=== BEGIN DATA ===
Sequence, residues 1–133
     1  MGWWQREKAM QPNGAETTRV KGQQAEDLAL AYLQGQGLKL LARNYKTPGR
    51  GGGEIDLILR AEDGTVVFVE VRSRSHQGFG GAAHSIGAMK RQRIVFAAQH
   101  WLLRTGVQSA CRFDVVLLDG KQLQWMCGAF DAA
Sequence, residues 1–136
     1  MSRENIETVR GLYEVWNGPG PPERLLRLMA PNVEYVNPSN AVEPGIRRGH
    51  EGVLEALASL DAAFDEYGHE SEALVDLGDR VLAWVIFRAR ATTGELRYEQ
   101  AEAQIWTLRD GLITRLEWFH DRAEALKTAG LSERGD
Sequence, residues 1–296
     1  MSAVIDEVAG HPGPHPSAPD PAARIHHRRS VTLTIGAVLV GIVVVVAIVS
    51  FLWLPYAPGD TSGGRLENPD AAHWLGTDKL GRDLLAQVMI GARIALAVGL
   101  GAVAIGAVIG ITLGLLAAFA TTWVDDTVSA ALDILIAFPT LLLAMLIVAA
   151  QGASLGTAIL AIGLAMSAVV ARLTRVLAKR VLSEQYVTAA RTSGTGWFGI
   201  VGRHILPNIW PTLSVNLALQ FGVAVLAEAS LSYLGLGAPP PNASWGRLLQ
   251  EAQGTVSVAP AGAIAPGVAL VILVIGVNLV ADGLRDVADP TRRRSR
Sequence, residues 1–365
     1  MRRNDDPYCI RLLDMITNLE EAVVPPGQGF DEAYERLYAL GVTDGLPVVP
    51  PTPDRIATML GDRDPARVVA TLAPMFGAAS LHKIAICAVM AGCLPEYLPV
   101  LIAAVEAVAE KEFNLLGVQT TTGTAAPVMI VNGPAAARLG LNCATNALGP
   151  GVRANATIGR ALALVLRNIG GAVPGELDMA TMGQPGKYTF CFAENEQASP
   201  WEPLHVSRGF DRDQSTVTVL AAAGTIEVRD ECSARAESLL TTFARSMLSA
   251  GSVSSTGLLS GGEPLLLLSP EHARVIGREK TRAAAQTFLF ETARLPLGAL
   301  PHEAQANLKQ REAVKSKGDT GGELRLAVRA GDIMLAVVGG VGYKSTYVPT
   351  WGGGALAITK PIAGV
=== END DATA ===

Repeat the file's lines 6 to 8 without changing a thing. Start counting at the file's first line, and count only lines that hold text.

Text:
     1  MSRENIETVR GLYEVWNGPG PPERLLRLMA PNVEYVNPSN AVEPGIRRGH
    51  EGVLEALASL DAAFDEYGHE SEALVDLGDR VLAWVIFRAR ATTGELRYEQ
   101  AEAQIWTLRD GLITRLEWFH DRAEALKTAG LSERGD